Having contrasting borders and handrails on your boat looks nice, but it sure makes a lot of extra work. If you are paying a painter, they will charge a lot extra for this. The coachlines in between panel and border can be done in three different ways.
We went for the old fashioned way, which was to paint the coachline before the rest of the top coats. We marked out the coachline with a pencil on the undercoat, then painted it twice the proper width, feathering the edges. At this point it looks like this.
Note the red handrail paint is also feathered down. Then you stick masking tape where the final line would be, covering the coachline paint. Then we masked the edge of the red handrail. Then paint your panel and border, edging over the masking tape. Then when all is dry, pull off the tape and hey presto you have a sharp coachline.The professional painters at our dock do it another way. Just mark a single line for the centre of the coachline. Carefully paint the panel and border, meeting at the line. Then mask up either side of the finished coachline and paint it in, covering the other paints where they meet.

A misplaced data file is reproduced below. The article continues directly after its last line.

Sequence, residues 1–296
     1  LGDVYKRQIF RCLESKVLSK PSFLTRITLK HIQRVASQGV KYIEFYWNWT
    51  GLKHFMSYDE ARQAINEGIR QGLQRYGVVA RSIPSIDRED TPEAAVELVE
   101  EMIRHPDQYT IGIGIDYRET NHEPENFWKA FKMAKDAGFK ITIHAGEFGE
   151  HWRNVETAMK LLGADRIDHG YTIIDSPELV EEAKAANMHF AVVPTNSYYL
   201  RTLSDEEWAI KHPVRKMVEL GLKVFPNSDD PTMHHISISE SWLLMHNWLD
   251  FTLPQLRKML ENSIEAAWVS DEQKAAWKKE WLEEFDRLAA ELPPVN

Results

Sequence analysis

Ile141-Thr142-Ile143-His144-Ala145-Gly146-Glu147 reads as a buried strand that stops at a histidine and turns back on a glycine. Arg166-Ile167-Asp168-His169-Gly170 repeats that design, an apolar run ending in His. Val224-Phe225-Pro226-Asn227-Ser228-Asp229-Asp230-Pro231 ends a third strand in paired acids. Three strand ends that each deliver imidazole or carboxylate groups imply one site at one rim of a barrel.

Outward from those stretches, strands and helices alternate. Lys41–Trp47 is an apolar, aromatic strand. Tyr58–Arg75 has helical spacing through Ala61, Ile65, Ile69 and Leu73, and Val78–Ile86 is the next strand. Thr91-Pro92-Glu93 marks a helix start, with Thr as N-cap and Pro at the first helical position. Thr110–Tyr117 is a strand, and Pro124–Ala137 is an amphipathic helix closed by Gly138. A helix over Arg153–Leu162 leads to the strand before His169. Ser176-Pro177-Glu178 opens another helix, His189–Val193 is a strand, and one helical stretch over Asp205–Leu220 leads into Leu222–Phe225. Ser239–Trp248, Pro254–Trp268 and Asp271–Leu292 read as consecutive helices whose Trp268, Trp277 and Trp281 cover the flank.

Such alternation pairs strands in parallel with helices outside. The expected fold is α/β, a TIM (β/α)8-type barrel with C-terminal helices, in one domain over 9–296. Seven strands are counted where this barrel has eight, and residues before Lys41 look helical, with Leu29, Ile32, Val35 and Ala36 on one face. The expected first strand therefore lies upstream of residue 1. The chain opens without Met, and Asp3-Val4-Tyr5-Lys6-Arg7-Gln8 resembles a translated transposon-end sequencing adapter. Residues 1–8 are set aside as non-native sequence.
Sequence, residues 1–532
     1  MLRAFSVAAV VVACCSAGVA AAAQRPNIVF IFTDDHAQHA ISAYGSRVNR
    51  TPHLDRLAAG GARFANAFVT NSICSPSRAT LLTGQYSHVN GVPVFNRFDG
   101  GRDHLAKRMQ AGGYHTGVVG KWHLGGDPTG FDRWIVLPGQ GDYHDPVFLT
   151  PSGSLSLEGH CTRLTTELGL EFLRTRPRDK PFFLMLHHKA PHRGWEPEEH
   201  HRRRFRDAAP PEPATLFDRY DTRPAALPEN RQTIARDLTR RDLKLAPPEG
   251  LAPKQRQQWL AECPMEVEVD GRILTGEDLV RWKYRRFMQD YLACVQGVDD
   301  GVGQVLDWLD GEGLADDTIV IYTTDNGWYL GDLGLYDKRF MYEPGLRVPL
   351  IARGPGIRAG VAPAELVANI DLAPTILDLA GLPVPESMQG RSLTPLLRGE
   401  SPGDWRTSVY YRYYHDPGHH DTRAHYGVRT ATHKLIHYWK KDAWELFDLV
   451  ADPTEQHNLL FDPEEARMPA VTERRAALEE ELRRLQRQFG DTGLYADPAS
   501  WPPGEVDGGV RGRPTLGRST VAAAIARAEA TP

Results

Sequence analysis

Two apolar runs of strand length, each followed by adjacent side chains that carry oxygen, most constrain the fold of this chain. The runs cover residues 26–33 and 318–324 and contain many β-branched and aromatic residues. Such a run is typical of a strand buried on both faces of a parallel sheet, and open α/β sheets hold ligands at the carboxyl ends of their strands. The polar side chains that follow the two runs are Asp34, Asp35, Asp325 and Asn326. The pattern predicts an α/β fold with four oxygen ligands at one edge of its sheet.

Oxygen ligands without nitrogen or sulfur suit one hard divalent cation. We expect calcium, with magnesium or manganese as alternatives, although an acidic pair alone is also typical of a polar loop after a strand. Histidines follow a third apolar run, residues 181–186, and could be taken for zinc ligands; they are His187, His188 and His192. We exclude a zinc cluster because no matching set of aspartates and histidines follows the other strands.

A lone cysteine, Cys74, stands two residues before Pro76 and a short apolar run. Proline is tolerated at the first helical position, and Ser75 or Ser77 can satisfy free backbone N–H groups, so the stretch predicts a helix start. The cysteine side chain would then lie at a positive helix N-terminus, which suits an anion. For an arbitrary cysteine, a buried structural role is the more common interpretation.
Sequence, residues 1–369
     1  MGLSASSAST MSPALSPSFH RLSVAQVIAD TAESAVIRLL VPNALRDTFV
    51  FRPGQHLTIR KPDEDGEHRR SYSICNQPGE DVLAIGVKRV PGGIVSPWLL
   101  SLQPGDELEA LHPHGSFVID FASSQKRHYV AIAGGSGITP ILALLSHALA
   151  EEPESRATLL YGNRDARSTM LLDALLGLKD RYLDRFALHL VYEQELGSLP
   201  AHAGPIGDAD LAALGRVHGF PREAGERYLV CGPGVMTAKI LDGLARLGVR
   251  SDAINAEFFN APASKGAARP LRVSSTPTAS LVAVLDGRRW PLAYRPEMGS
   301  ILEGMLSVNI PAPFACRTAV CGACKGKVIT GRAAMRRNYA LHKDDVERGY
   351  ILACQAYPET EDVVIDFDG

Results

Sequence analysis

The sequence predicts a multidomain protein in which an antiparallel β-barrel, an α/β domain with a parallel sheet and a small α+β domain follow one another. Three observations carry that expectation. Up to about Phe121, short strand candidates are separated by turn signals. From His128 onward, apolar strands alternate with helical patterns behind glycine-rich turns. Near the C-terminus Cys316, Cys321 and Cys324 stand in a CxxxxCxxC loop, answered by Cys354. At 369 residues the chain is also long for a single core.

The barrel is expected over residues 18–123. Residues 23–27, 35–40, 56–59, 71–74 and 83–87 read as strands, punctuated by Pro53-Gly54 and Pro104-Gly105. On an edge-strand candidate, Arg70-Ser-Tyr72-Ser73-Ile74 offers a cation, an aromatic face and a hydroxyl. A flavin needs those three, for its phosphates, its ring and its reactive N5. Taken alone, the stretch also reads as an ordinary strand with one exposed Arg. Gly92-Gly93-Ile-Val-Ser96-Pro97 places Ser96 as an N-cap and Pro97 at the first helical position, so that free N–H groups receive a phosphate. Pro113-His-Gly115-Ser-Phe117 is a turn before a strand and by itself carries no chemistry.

Lastly there is the Phil Speight way, which is to mask over the proposed line and paint border and panel, then unmask the line and mask either side, then paint the line in.
Each to his own. I don't think our way was best, in terms of the finished line, but it was the easiest and quickest.
As to the borders, its a good idea to do them a little less than the width of a roller, so once masked, its easy to paint. Our bottom borders, by the gunwales were too narrow to accommodate a full width roller so we cut our roller down, leaving a stub to run along the gunwale.
That made it really easy to stay on line and we flew along.